print("Line 4 value is: "..tLines[3])

Chapter 16: Make a Chain Quest, Bow, Boomerang, and Hookshot

Chain Quest

The chain quest is putting together what you have learned, some new functions, and scripts are introduced. It is more like a demo than anything else.

Sola House

Sola house is the starting point of the game. Sola has woken in a world with no memories of her past and sets out on a journey to figure out who she is.

Sola House > F1

On the first floor there are some blockades that must be passed to exit the house. Also, an optional quest with the female armor. You will be able to perform spin attacks and have extra speed when the spirit gem is obtained.

1_chapter_16_sola_house_f1.png

Disabling Spin Attack

There are no function or method as of Solarus 1.5.3 that disables the spin attack, but there is a quick hack for it that I learned from MetalZelda.

This is accomplished by registering an event using the multi_events.lua script. What the script does is add a callback kinda like with timers.

Register event way:

-- local multi_events = require("scripts/multi_events")
-- Register two callbacks for the game:on_started() event:
game:register_event("on_started", function()
   -- Some code.
end)

Normal way:

function game:on_started()
   -- Some code.
end

The following code disables the spin attack until the save variable “skill_spin_attack” is set. It should be put in the game manager.

function game_manager:manage(game)

game:register_event("on_started", function()

  local hero = game:get_hero()

  hero:register_event("on_state_changed", function(hero, state)
    if state == "sword loading" then
      if not game:get_value("skill_spin_attack") then
        game:simulate_command_released("attack")
      end
    end
  end) -- end of hero:register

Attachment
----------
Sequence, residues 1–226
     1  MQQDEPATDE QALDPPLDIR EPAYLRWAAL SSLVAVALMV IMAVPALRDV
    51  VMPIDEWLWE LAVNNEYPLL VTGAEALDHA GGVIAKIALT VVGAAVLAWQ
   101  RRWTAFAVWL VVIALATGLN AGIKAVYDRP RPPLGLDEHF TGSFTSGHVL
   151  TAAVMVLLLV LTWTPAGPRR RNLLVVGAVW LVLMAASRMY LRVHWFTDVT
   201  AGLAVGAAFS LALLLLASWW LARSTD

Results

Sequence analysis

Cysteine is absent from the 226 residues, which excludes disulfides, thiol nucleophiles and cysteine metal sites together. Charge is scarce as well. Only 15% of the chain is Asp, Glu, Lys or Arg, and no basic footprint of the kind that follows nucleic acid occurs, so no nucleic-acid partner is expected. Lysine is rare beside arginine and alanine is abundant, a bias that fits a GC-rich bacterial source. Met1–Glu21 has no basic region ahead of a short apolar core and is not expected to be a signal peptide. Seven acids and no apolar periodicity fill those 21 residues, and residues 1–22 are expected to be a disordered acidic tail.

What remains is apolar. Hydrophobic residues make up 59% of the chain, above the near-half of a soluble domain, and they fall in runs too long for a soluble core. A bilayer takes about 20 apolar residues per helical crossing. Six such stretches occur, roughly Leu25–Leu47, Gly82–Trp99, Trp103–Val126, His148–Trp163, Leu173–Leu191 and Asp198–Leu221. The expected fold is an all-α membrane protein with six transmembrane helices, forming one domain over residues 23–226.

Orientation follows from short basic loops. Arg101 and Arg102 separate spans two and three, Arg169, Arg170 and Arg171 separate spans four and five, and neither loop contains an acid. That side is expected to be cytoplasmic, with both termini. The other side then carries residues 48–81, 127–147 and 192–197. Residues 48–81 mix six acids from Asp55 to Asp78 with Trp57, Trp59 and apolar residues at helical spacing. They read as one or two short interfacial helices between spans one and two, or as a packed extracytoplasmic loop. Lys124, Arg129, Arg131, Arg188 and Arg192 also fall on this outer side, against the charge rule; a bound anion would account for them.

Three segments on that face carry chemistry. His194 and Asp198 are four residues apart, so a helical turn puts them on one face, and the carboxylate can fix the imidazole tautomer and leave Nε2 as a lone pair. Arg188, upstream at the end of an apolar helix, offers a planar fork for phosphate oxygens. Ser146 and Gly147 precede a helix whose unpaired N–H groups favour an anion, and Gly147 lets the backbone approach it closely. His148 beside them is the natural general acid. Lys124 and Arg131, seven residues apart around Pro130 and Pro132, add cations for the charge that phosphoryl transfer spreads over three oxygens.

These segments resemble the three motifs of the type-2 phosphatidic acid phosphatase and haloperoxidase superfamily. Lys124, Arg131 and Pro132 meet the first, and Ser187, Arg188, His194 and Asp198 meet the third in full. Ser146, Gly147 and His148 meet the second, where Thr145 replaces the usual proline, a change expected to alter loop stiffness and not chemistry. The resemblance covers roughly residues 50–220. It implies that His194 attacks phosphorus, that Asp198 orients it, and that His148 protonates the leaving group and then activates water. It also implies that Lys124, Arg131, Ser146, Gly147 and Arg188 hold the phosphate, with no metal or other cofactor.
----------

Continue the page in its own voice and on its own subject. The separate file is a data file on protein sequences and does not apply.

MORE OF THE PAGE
end) -- end of game:register
end

First off, the register event with the function on_started:

game:register_event("on_started", function()
end) -- end of game:register

Secondly, we get the hero and register it with the function on_state_changed:

game:register_event("on_started", function()

  local hero = game:get_hero()

  hero:register_event("on_state_changed", function(hero, state)

  end) -- end of hero:register
end) -- end of game:register

Thirdly, we want to apply it to the state “sword_loading” and simulate a release on “attack”.

game:register_event("on_started", function()

  local hero = game:get_hero()

  hero:register_event("on_state_changed", function(hero, state)
    if state == "sword loading" then
      if not game:get_value("skill_spin_attack") then
        game:simulate_command_released("attack")
      end
    end
  end) -- end of hero:register
 end) -- end of game:register

To enable the spin attack as I said above, just set the save variable. I normally do it in items. I put it in the spirit gem script in the chain quest.

function item:on_obtained()
  game:set_value("skill_spin_attack",true)
end

The optional quest is just a bunch of save variable, elseif, and dialogs. I explained this in a previous chapter. Chapter 13 NPC Entity section.

-- Event called at initialization time, as soon as this map becomes is loaded.
function map:on_started()

--Spirit quest
function woman_armor:on_interaction()

  if game:get_value("sola_house_gem_quest_finished")then
    game:start_dialog("sola_gem.done.1")
  elseif game:get_value("sola_house_yes") and not game:get_value("sola_house_gem") then
    game:start_dialog("sola_gem.find.1")
  elseif game:get_value("sola_house_yes") and game:get_value("sola_house_gem") then
    game:start_dialog("sola_gem.yes.1", function()
      hero:start_treasure("spirit_gem", 1, "sola_house_gem_quest_finished",function()
        game:start_dialog("sola_gem.wonderful_day.1")
      end)
    end)
  else
    game:start_dialog("sola_gem.hello.1", function(answer)
      if answer == 4 then --No
        game:start_dialog("sola_gem.no.1") 
      elseif answer == 3  then
        game:start_dialog("sola_gem.find.1")  
        game:set_value("sola_house_yes",true)
      end
    end)
  end
end

The spirit gem was hidden in a pot by a demon. I use a npc entity above the pot tile and use on_interaction, then start_treasure. I set the save variable, so the hero can only get the treasure once. Very basic.


--Get spirit gem
function pot:on_interaction()
  if not game:get_value("sola_house_gem") then
    hero:start_treasure("spirit_gem", 1, "sola_house_gem")